What does Toyota have to do with the price of coffee?

2018-09-20T13:27:00+00:00 September 19th, 2018|Categories: Insights|Tags: , , |0 Comments

By Daniele Giovannucci

At its peak, Toyota Motor Company was the world’s largest automaker. It famously drove extraordinary levels of efficiency among its suppliers. And then it went too far. The company learned that when you are the big guy, yes, you can ask for almost anything of your suppliers. They will cut everything to the bone and bend over backwards. But is that what a smart company wants to do: to severely test its relationships? Well, the news was full of the catastrophic failures that occurred as a result and that tarnished the once unassailable Toyota brand.

The coffee industry – certainly the downstream side that includes traders, roasters and retailers – has enjoyed decades of growth and favorable prices. For the better part of a year, the prices paid to farmers have stagnated and recently tumbled further to below one dollar per pound – a quantity that yields 40-60 cups of coffee in case you want to do the math. The last price-driven crisis in 2002 triggered humanitarian problems across coffee communities in many countries. These calamities sparked a major interest in sustainability and considerable investments but left an industry less diverse and less resilient than before.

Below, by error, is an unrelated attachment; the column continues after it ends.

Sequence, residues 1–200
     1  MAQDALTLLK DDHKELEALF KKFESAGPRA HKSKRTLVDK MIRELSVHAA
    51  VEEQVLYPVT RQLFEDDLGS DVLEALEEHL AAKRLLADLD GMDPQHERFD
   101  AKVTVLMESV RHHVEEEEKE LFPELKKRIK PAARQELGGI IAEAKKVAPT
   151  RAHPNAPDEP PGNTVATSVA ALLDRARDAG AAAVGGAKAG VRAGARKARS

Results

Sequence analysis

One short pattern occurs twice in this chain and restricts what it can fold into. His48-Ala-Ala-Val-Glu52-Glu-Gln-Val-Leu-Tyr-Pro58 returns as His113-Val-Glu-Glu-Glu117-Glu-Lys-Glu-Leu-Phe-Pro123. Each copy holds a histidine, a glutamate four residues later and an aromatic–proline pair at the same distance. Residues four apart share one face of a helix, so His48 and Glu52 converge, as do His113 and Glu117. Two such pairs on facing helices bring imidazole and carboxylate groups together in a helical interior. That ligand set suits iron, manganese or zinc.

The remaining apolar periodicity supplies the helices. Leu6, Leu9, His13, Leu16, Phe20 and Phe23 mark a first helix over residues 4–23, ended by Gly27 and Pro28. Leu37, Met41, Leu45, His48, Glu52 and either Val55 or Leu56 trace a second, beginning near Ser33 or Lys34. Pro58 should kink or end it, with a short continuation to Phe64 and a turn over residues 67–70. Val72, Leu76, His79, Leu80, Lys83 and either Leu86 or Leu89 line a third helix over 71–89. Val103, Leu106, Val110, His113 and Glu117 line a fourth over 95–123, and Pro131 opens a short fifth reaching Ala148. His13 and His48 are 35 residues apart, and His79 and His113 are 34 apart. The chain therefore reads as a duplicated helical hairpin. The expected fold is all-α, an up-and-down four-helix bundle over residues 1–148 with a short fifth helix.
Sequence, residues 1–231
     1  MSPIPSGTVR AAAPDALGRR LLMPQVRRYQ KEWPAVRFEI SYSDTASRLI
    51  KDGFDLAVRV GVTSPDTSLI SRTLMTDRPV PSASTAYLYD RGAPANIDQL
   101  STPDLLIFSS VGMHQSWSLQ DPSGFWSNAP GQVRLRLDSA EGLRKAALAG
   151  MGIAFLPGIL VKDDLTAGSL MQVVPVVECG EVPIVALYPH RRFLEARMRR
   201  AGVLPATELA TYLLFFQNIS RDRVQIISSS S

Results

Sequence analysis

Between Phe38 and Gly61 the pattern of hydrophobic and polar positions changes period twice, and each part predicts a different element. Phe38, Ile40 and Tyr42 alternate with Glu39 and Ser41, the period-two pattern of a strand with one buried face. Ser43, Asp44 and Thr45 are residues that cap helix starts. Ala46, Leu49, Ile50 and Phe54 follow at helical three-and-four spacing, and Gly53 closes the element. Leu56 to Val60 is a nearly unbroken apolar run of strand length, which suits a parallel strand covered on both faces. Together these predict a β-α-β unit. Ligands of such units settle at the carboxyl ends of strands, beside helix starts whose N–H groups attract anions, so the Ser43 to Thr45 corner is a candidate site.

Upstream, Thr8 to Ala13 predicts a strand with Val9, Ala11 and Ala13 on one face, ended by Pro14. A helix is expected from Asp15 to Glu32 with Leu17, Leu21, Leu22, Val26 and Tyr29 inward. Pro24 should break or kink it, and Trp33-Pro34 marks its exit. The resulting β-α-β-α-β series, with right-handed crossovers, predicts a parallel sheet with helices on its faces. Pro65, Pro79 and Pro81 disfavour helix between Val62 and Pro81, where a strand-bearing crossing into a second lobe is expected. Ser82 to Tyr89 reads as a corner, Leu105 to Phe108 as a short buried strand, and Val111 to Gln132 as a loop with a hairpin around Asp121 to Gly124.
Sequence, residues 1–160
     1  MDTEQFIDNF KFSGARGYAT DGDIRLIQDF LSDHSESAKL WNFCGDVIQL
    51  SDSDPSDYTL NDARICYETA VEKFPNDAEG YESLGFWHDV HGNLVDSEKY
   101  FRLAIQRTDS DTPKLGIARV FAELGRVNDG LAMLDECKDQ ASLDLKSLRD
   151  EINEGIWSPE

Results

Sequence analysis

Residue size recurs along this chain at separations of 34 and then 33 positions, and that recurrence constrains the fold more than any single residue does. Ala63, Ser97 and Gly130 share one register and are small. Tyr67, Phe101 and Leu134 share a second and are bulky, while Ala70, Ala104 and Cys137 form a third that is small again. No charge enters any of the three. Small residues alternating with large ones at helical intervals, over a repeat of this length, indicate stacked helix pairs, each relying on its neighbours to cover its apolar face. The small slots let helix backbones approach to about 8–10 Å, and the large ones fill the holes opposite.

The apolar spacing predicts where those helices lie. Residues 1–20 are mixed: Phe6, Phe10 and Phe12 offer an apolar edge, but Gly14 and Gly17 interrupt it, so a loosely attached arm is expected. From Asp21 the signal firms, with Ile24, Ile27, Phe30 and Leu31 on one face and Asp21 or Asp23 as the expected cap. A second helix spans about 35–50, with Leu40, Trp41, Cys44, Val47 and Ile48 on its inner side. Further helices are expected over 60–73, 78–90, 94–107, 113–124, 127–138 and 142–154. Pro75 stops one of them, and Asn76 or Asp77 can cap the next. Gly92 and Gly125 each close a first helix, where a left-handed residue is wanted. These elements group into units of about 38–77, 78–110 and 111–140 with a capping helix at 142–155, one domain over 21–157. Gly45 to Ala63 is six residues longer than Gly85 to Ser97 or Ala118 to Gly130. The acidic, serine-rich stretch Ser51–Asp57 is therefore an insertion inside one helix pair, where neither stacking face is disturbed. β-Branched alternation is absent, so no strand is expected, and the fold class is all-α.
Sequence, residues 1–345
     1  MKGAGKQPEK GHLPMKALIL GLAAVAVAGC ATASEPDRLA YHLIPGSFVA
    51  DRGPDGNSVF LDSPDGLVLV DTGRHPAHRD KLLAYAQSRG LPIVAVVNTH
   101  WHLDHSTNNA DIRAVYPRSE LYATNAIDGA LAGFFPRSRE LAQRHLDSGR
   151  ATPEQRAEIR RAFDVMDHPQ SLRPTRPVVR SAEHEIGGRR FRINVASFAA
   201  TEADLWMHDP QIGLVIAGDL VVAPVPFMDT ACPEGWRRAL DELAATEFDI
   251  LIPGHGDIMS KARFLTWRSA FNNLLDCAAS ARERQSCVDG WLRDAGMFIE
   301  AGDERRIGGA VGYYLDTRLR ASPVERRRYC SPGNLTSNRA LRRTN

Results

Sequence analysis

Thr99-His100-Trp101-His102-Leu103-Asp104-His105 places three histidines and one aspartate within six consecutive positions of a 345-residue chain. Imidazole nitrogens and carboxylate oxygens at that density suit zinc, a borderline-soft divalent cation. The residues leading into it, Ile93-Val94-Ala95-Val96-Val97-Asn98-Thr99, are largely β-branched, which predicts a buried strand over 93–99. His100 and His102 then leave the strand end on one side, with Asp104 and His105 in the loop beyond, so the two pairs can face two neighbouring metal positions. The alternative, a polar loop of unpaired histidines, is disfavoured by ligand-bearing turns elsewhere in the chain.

I love the coffee industry – all of it. So, I ask myself, what would a leader do? A bold leader would work for a healthy industry – healthy for all of its members – and get creative. Choose greater sustainability. Take a bold stand for their suppliers, rather than letting them suffer.

Equally concerned should be the policymakers who cannot seem to get in front of a financial industry where unfettered speculative activity drives massive commodity price volatility divorced from the market fundamentals of supply and demand. Policy is also partly to blame for distorted incentives that drive record production levels that in turn push record profits for a few but only do so by creating mass pain.  

Consider that some farm families may be worryingly rubbing their hands that they may not be able to send a child to school or secure enough food to adequately feed them. Perhaps you can dismiss that as soft-hearted. Then consider that gradually losing a healthy ecosystem of suppliers will leave the industry increasingly dependent on fewer choices or feeling the anger and disappointment of consumers. I invite you to be bold, take a stand, and make a difference in your own way.